“A man may write at any time, if he will set himself doggedly to it.”—Samuel Johnson
Dealing with Distractions
Not too many years ago life in general moved at a more leisurely pace and people had time to consider the issues of the day with greater deliberation than is common today. There were fewer options and fewer distractions to draw people’s attention away from the things that really mattered.
Fast forward to today. Ours is a very distracted culture. Thanks to our lightning-fast digital age with its 140-character Twitter-verse, 9-second sound bites, and 24/7 global satellite coverage in real time, we are accustomed to getting almost whatever we want whenever we want it. One consequence of this age of instant gratification is a shortened attention span. Our thoughts on any subject tend to be brief, superficial, and easily distracted. Few people today take the time or effort to really think.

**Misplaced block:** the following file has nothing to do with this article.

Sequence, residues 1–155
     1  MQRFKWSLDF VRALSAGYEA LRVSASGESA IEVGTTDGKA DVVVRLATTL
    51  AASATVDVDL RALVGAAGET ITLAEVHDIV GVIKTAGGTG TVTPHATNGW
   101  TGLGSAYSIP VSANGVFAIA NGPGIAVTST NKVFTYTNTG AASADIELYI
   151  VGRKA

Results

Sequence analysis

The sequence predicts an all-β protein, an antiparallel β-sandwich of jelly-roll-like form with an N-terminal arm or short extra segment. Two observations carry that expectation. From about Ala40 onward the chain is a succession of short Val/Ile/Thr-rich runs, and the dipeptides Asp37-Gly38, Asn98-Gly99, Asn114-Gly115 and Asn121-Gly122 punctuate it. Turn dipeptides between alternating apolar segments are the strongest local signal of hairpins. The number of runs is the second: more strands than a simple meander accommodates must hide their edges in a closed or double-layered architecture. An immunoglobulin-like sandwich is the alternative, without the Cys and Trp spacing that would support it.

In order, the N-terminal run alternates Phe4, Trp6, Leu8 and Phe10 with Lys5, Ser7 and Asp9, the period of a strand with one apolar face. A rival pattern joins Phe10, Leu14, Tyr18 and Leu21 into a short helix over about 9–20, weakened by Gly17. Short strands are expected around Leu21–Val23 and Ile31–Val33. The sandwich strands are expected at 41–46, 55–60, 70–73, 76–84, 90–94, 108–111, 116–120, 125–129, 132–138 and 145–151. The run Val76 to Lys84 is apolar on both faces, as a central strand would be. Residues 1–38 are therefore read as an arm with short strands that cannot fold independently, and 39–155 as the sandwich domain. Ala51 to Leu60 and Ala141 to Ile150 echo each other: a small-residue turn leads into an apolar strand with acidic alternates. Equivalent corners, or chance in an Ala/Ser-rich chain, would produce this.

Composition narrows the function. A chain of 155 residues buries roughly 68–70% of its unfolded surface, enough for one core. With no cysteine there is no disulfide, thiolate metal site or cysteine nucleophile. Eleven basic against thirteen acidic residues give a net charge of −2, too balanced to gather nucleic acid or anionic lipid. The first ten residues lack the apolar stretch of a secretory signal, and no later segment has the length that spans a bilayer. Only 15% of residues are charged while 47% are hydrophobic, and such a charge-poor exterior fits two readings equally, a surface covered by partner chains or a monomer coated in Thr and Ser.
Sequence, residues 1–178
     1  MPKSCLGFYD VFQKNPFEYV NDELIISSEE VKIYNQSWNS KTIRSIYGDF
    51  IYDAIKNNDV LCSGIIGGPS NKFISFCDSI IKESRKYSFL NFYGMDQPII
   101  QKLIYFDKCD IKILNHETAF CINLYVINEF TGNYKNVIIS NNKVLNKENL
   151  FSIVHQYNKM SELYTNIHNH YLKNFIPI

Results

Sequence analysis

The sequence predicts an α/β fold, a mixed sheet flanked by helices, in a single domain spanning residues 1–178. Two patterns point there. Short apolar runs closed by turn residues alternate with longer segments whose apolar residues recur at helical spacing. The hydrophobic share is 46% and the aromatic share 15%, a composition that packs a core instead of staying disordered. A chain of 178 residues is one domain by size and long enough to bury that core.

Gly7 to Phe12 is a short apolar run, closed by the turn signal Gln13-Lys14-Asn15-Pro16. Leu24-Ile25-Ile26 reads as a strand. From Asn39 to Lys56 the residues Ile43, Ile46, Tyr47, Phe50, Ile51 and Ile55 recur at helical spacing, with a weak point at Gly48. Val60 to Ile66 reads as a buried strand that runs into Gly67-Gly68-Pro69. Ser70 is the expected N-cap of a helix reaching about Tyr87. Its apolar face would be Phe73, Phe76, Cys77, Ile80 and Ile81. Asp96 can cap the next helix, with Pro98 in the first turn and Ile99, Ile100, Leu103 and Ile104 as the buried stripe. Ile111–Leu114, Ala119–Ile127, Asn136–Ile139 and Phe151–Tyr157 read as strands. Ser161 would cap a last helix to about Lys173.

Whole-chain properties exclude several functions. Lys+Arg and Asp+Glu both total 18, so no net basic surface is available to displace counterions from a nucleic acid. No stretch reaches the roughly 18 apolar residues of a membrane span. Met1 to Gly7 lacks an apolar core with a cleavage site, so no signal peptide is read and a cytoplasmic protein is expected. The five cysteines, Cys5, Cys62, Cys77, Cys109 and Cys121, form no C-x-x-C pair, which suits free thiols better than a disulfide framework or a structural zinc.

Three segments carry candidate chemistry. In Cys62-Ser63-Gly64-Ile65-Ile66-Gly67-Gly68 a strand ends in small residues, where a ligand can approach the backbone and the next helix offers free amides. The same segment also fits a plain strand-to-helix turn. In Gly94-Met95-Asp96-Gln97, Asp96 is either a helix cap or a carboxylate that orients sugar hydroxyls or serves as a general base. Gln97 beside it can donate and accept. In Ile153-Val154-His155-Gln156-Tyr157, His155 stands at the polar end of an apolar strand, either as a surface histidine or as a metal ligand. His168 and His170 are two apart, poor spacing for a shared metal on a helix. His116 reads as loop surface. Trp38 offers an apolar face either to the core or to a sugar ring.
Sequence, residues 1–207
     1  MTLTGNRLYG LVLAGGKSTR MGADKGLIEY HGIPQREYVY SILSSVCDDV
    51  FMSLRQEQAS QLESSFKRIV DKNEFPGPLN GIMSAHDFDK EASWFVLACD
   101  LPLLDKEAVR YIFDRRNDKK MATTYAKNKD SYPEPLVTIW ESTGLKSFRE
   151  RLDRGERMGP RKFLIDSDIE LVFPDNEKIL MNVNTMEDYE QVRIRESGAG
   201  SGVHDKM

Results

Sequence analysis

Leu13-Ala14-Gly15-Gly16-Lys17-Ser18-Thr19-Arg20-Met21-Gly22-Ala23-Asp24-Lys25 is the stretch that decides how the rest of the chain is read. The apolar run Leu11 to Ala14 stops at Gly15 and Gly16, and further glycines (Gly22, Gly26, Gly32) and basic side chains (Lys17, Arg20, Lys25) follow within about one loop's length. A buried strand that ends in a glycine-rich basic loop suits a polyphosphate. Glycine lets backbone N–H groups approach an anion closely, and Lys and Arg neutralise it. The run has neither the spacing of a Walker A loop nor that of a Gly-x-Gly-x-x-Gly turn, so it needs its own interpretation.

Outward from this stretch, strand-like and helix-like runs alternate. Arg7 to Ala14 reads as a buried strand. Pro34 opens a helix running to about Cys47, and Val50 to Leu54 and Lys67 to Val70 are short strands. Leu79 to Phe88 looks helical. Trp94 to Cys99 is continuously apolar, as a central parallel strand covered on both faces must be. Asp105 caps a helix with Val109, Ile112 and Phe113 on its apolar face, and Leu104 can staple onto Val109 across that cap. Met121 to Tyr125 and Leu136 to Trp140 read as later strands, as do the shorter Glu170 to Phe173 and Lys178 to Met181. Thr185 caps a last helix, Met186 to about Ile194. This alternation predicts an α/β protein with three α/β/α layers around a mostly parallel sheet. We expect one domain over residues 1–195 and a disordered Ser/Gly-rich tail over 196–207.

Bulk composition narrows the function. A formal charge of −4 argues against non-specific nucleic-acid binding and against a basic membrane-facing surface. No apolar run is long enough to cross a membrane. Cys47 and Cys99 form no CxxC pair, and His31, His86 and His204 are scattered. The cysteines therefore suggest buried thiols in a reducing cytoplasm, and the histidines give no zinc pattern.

Writers should always be among those few. As I said before, writing is a demanding discipline. Good writing requires well-developed critical thinking skills and a mind like a marathon runner who can go the distance rather than a sprinter who is good in short bursts. In order to write well you must be able to think well, and in order to think well you must minimize potential sources of distraction. If writing while facing a window distracts you, for example, go somewhere else, perhaps to another room that has no windows.
Turn off your cell phone. If the lure of the Internet, e-mail, and social media proves too tempting to ignore, step away from your computer and (gasp!) write in longhand on paper! You can always type or dictate your work into your word processor later.
Identify your most common distractions, then implement a plan to minimize or eliminate as many of them as possible. Your writing will be better for it—and so will you.
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